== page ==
S. Navy marks a significant milestone for Naval Aviation after the first Black female tactical air pilot received her Wings of Gold on July 31.
Lt. j.g. Madeline G. Swegle from Virginia received her Wings of Gold along with 25 classmates during a small ceremony at Naval Air Station (NAS) Kingsville, Texas.
“I’m excited to have this opportunity to work harder and fly high performance jet aircraft in the fleet,” said Swegle.
“It would’ve been nice to see someone who looked like me in this role; I never intended to be the first. I hope it’s encouraging to other people.”
Swegle completed her tactical strike training at NAS Kingsville on July 7, making her the Navy’s first Black female strike pilot.
A strike pilot are trained to fly fighter jets including the F/A-18 Super Hornet and the F-35C Joint Strike Fighter, or the EA-18G Growler electronic warfare aircraft.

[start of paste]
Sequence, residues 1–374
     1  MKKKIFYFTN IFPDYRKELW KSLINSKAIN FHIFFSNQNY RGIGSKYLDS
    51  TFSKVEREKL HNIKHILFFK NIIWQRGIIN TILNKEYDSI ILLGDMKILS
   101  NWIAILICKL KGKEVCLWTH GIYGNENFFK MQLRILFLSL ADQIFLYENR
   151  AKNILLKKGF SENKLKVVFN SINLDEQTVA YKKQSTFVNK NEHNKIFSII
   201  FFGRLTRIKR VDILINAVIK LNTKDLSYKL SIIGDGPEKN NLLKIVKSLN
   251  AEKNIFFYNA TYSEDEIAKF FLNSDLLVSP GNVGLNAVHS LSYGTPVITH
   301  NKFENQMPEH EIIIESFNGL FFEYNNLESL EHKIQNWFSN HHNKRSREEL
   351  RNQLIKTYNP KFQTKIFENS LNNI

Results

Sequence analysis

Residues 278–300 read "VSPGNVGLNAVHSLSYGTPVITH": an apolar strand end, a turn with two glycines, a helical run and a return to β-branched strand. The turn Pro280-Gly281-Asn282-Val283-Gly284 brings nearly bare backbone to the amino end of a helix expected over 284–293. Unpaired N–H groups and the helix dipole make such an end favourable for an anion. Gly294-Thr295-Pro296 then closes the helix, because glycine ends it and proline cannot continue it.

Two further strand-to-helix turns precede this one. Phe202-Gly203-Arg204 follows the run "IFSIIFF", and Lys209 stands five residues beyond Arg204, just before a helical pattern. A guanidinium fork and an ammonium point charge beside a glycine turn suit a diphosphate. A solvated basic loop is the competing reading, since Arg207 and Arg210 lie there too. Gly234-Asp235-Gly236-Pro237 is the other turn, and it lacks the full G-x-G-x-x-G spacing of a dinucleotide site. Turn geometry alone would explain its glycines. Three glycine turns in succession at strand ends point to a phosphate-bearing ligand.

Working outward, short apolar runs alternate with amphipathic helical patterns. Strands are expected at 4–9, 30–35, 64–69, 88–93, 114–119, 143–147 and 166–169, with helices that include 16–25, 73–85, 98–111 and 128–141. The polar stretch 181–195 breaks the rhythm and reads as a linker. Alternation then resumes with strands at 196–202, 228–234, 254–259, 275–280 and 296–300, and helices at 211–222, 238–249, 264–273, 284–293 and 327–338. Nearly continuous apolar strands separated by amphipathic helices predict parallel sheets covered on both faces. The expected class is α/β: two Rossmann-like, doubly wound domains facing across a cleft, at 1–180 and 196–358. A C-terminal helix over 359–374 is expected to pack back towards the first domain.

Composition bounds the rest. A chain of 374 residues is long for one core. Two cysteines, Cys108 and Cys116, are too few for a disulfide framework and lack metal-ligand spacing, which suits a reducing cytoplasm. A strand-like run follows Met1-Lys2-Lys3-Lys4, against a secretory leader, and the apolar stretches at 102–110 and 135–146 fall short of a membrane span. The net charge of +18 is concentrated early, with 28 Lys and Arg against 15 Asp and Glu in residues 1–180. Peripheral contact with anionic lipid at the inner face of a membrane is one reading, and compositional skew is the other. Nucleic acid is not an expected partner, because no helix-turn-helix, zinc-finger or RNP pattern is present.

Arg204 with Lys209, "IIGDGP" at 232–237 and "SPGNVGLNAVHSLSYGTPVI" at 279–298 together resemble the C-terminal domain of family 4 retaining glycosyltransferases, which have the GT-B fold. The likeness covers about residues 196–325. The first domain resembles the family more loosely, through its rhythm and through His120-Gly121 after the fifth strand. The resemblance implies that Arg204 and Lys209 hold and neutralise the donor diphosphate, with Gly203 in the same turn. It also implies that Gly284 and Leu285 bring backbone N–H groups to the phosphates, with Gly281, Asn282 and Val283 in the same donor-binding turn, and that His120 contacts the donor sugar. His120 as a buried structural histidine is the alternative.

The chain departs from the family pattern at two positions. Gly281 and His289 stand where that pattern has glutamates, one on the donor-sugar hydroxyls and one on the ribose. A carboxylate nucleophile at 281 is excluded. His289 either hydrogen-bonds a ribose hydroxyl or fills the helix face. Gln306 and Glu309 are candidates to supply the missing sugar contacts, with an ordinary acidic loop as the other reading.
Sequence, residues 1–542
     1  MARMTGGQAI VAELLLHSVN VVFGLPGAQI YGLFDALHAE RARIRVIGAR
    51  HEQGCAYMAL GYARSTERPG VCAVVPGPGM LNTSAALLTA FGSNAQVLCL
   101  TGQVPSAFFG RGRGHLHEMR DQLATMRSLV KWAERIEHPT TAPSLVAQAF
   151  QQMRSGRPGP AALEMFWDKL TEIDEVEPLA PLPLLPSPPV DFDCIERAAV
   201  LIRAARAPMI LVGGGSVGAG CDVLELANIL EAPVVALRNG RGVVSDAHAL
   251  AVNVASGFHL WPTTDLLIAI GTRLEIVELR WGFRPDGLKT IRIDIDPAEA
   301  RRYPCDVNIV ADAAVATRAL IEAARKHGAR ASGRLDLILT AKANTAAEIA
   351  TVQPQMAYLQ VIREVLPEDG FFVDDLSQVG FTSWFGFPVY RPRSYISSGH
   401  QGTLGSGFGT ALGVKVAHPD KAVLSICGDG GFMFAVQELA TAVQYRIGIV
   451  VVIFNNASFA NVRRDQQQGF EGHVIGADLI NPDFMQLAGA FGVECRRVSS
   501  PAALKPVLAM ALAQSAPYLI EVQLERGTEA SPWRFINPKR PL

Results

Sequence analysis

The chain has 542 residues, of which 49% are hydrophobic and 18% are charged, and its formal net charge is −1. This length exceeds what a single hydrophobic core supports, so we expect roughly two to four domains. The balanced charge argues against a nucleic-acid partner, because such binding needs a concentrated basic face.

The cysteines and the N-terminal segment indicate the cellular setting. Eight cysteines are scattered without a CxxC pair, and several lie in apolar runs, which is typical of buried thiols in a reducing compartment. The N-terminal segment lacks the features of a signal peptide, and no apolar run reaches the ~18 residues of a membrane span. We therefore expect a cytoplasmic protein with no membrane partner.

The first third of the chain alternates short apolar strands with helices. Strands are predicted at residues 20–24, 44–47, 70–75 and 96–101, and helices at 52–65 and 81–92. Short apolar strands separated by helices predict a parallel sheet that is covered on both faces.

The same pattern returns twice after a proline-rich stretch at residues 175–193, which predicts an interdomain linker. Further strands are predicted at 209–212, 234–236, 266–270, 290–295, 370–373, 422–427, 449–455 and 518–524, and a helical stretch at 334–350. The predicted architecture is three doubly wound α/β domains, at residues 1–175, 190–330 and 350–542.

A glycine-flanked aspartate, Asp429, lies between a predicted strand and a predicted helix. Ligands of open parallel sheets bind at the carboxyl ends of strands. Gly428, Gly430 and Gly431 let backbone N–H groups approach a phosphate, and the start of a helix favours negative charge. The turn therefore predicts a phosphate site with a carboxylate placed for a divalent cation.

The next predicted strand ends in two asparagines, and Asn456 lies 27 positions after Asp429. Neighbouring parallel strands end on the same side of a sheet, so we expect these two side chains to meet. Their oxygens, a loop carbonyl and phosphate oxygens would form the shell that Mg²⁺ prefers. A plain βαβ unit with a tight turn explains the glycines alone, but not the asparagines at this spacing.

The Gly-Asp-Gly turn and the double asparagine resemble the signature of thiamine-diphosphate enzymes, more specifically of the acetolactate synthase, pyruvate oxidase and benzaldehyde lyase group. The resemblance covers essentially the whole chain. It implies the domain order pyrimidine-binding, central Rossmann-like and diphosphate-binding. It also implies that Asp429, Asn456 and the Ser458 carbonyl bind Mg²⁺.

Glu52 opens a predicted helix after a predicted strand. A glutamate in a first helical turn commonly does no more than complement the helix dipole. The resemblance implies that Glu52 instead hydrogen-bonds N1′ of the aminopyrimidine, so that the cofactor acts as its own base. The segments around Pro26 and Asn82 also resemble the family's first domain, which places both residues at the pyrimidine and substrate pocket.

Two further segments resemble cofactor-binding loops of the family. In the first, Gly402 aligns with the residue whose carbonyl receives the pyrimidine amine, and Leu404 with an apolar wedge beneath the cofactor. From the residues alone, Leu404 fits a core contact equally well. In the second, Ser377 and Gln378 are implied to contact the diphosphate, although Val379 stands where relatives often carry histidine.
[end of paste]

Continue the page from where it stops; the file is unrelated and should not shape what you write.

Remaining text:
According to the commander of Naval Air Forces Vice Admiral DeWolfe “Bullet” Miller III, “Lt. j.g. Swegle has proven to be a courageous trailblazer.”
“She has joined a select group of people who earned Wings of Gold and answered the call to defend our nation from the air. The diversity of that group — with differences in background, skill and thought — makes us a stronger fighting force.”
Chief of Naval Air Training Rear Adm. Robert Westendorff, who oversees all undergraduate flight training from the command headquarters at NAS Corpus Christi, Texas expresses how proud they are of Lt. j.g Swegle and the entire class.
“This is a wonderful personal achievement but also a testament to their dedication and drive to succeed in the tactical air training pipeline. I wish them all every success at the next level learning to fly our fleet aircraft.”
The Chief of Naval Air Training’s primary task is to train the world’s finest combat quality aviation professionals.